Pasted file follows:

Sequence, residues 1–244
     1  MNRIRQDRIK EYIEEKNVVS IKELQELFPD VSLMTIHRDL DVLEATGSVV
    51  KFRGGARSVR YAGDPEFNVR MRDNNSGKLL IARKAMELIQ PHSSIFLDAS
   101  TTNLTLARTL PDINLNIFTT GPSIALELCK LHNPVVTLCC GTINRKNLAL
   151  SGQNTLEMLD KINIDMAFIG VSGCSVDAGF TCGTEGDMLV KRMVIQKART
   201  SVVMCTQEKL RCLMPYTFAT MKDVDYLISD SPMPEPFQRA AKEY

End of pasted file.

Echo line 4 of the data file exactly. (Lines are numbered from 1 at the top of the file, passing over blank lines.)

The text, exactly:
   101  TTNLTLARTL PDINLNIFTT GPSIALELCK LHNPVVTLCC GTINRKNLAL